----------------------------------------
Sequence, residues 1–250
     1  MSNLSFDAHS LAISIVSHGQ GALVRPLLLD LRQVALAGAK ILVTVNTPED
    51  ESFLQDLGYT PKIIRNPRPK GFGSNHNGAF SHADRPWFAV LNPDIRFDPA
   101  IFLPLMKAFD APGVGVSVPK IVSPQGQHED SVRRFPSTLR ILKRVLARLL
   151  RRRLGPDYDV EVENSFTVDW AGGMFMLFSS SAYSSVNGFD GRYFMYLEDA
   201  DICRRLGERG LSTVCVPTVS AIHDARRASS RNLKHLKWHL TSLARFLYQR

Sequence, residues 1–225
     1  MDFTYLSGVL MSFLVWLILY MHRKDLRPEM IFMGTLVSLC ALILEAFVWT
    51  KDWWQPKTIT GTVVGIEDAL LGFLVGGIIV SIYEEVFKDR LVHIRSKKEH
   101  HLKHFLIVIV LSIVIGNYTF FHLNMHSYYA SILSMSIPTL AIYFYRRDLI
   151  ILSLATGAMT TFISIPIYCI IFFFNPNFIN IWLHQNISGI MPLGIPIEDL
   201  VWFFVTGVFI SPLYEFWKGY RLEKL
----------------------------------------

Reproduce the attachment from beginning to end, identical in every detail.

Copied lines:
Sequence, residues 1–250
     1  MSNLSFDAHS LAISIVSHGQ GALVRPLLLD LRQVALAGAK ILVTVNTPED
    51  ESFLQDLGYT PKIIRNPRPK GFGSNHNGAF SHADRPWFAV LNPDIRFDPA
   101  IFLPLMKAFD APGVGVSVPK IVSPQGQHED SVRRFPSTLR ILKRVLARLL
   151  RRRLGPDYDV EVENSFTVDW AGGMFMLFSS SAYSSVNGFD GRYFMYLEDA
   201  DICRRLGERG LSTVCVPTVS AIHDARRASS RNLKHLKWHL TSLARFLYQR

Sequence, residues 1–225
     1  MDFTYLSGVL MSFLVWLILY MHRKDLRPEM IFMGTLVSLC ALILEAFVWT
    51  KDWWQPKTIT GTVVGIEDAL LGFLVGGIIV SIYEEVFKDR LVHIRSKKEH
   101  HLKHFLIVIV LSIVIGNYTF FHLNMHSYYA SILSMSIPTL AIYFYRRDLI
   151  ILSLATGAMT TFISIPIYCI IFFFNPNFIN IWLHQNISGI MPLGIPIEDL
   201  VWFFVTGVFI SPLYEFWKGY RLEKL